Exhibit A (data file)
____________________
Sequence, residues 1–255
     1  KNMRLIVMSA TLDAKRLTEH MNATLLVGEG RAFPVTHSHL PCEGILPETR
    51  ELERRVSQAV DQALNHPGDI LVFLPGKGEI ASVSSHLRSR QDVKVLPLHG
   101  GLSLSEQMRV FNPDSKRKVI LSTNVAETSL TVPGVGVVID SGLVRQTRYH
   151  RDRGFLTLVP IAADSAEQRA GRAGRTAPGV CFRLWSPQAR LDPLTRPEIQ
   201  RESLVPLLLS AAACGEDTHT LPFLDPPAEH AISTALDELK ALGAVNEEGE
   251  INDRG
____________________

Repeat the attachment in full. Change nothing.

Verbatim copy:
Sequence, residues 1–255
     1  KNMRLIVMSA TLDAKRLTEH MNATLLVGEG RAFPVTHSHL PCEGILPETR
    51  ELERRVSQAV DQALNHPGDI LVFLPGKGEI ASVSSHLRSR QDVKVLPLHG
   101  GLSLSEQMRV FNPDSKRKVI LSTNVAETSL TVPGVGVVID SGLVRQTRYH
   151  RDRGFLTLVP IAADSAEQRA GRAGRTAPGV CFRLWSPQAR LDPLTRPEIQ
   201  RESLVPLLLS AAACGEDTHT LPFLDPPAEH AISTALDELK ALGAVNEEGE
   251  INDRG